All employees of the Company are required to be in Business Formal wear on all working days.
Men: Full sleeves light colored shirt, dark trousers, tie, black shoes and dark socks
Women: Western business formals, cotton churidar kameez, salwar kameez, starched cotton saris and professional looking sandals.
The above lines were found in an offer letter from a software development organization based in Trivandrum for the position of Senior Software Engineer. Yes that’s right, they expect you to wear shoes and neckties in the hot and humid Trivandrum. Wow! I am surprised that they actually manage to hire people despite this.
I wonder if there is any justification for a dress code policy at all. If we accept that the primary responsibility of a software developer is to develop and maintain software, does it matter what the person is wearing while he is performing the function that he is hired for. I usually wear t-shirt, denims and sandals to office. Can anyone argue that wearing “Full sleeves light colored shirt, dark trousers, tie, black shoes and dark socks” will make me more productive? Most intelligent beings would be immediately able to answer that in negative. Still people persist with this patently stupid notion called a dress code.
Here are some of the typical arguments for having a dress code. And then my attempt at explaining why its all bull.
- Uniformity: You usually see this in the military. Why should a private firm that is not even remotely linked to the military try to use similar tactics is beyond me. Also, I am unaware of any instance where uniformity has been helpful in the task of software development. Different ideas, different thoughts are actually required in this environment and trying to curb the individualism by imposing uniformity is an attempt at what can only be called self-destruction.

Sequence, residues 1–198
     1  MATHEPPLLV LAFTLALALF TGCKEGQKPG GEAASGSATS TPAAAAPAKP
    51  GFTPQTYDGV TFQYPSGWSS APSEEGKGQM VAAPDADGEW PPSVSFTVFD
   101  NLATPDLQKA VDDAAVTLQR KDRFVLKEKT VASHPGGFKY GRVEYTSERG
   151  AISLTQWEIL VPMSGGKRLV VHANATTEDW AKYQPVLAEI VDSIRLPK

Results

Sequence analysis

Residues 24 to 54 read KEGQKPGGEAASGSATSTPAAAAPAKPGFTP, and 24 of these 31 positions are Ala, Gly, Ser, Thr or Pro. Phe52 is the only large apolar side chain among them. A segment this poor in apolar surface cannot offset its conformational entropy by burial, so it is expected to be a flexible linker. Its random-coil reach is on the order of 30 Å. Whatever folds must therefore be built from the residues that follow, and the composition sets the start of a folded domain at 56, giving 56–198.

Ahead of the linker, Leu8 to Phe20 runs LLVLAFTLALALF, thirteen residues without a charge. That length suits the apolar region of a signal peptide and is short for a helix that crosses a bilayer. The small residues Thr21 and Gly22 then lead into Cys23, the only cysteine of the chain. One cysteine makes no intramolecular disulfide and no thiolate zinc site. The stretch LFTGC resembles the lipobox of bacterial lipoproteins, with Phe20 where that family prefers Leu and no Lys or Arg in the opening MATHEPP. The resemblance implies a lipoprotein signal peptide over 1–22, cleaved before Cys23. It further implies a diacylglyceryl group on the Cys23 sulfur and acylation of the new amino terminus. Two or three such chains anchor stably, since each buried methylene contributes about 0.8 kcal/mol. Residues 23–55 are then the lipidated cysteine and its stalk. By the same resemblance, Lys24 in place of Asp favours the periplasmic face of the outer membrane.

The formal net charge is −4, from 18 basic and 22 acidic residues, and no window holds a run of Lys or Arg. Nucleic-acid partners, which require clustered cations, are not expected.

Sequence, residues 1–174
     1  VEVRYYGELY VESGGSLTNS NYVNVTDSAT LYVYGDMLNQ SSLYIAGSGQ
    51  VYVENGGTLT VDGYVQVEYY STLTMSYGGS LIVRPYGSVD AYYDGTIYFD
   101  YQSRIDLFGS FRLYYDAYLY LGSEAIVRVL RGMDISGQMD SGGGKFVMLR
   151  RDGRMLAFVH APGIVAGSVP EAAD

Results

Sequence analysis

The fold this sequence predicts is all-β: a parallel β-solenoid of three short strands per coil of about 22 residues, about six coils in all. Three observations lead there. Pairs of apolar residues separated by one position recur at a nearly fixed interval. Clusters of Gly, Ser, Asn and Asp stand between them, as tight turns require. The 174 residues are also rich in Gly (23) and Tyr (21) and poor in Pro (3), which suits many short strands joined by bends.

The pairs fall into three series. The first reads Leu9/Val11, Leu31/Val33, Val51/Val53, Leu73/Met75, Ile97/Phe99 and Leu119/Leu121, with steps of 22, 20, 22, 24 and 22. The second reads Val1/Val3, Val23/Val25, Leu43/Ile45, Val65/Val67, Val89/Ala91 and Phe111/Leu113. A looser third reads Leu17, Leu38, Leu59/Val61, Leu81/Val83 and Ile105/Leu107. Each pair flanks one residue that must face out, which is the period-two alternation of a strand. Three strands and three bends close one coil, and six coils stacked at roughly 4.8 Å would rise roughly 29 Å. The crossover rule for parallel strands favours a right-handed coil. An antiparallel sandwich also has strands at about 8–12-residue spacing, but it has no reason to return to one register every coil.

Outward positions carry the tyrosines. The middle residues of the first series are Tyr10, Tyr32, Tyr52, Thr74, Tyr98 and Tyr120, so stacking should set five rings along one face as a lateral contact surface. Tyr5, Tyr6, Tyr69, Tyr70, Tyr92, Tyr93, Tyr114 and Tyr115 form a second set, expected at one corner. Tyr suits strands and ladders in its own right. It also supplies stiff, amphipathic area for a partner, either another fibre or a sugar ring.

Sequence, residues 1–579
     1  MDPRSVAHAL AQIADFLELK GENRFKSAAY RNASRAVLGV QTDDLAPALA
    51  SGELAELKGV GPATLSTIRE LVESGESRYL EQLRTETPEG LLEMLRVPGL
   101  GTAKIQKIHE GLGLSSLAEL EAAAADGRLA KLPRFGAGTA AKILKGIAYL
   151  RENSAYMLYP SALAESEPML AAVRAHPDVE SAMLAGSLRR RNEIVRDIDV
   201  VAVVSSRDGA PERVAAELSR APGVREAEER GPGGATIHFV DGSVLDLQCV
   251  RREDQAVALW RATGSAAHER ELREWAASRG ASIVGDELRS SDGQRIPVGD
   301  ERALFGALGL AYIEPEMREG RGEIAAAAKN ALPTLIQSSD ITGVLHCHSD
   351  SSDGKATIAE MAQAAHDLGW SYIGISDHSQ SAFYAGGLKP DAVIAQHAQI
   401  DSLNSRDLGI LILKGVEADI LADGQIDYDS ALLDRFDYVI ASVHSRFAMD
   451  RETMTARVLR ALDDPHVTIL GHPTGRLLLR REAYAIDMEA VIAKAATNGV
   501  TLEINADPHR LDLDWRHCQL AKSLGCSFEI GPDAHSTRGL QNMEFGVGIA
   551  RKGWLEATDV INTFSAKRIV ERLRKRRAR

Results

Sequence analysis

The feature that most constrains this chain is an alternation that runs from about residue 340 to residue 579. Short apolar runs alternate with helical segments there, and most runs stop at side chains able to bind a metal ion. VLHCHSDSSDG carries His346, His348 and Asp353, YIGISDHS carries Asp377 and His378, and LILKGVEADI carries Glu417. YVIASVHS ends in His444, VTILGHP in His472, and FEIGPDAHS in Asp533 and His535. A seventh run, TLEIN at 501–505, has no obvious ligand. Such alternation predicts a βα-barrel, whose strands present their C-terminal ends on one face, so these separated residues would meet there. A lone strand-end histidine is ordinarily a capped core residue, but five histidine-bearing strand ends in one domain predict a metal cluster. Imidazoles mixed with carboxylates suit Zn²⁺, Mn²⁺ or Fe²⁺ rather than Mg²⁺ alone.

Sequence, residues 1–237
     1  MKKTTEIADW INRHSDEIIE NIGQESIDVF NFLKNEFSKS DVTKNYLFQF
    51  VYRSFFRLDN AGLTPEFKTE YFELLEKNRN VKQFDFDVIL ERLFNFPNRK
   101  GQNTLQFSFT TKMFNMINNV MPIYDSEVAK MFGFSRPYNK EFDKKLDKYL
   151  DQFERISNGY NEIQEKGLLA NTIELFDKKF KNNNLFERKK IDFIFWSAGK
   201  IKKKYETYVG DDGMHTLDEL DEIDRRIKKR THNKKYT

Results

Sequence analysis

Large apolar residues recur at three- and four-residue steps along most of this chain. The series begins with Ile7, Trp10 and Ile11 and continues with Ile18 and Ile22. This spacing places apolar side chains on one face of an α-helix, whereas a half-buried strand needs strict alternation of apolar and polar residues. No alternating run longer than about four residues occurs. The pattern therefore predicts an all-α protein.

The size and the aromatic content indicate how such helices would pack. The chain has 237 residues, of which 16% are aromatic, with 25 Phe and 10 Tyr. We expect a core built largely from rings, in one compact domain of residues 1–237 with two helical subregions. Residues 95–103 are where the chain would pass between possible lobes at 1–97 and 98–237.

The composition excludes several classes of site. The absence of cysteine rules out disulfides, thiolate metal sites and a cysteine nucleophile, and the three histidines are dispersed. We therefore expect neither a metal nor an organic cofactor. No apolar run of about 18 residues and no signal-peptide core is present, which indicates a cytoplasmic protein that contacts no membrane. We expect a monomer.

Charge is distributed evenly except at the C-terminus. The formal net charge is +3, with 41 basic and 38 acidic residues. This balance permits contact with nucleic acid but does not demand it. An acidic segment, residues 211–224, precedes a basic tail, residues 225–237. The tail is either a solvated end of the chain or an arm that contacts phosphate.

- What would the clients think if they see you: Last few years, I am yet to see someone who was upset on seeing a developer in the casual attire. Am not including people from banking and financial sector as they seem to belong to an entirely different planet altogether. That said. I dress differently when I am meeting a client or a VC. Assuming that you have hired intelligent beings, would it not be better to treat them as such? Would not “dress appropriately” be a better policy than a strict dress code?
- Without a dress code chaos would ensue: Again, I have not seen any evidence of this.
- I like to dress “professionally”: I wonder when and how did a necktie or suit become associated with being professional. But leaving that aside, if you like to dress up, by all means do it. But don’t force others to follow in your footsteps, let them take their decisions.
- It is a career booster: Do you really want to work at a company where how you dress is all that matters? Do you really want to work at a company where the only way to move up the career ladder is to ape the suits? There are plenty of companies out there who would hire you for the skills you bring to the table. Is it not better to work for them instead?
If you are not comfortable dressing “up”, don’t go working for one. When you interview with a firm if all the interviewers are in formals, then that should be a warning signal for you. Heed the warning and don’t walk away, just RUN :-)